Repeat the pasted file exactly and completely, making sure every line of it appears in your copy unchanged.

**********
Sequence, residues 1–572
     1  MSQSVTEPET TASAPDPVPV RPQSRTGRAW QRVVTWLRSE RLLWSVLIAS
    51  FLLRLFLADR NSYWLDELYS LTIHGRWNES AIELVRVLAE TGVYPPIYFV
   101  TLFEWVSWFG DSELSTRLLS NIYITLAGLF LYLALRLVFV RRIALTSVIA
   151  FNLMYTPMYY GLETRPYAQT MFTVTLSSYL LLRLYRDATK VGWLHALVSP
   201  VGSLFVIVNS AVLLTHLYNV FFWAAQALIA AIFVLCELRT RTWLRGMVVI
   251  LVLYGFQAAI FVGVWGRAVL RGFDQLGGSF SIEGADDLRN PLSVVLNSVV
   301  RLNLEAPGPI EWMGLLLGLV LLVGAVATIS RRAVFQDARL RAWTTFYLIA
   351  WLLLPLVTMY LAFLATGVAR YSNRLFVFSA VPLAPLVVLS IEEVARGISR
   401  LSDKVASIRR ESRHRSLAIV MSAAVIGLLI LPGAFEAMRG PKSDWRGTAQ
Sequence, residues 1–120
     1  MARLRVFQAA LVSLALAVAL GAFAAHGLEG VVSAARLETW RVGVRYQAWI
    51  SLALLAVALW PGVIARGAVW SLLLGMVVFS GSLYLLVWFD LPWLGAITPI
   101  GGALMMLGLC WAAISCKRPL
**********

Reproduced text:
Sequence, residues 1–572
     1  MSQSVTEPET TASAPDPVPV RPQSRTGRAW QRVVTWLRSE RLLWSVLIAS
    51  FLLRLFLADR NSYWLDELYS LTIHGRWNES AIELVRVLAE TGVYPPIYFV
   101  TLFEWVSWFG DSELSTRLLS NIYITLAGLF LYLALRLVFV RRIALTSVIA
   151  FNLMYTPMYY GLETRPYAQT MFTVTLSSYL LLRLYRDATK VGWLHALVSP
   201  VGSLFVIVNS AVLLTHLYNV FFWAAQALIA AIFVLCELRT RTWLRGMVVI
   251  LVLYGFQAAI FVGVWGRAVL RGFDQLGGSF SIEGADDLRN PLSVVLNSVV
   301  RLNLEAPGPI EWMGLLLGLV LLVGAVATIS RRAVFQDARL RAWTTFYLIA
   351  WLLLPLVTMY LAFLATGVAR YSNRLFVFSA VPLAPLVVLS IEEVARGISR
   401  LSDKVASIRR ESRHRSLAIV MSAAVIGLLI LPGAFEAMRG PKSDWRGTAQ
Sequence, residues 1–120
     1  MARLRVFQAA LVSLALAVAL GAFAAHGLEG VVSAARLETW RVGVRYQAWI
    51  SLALLAVALW PGVIARGAVW SLLLGMVVFS GSLYLLVWFD LPWLGAITPI
   101  GGALMMLGLC WAAISCKRPL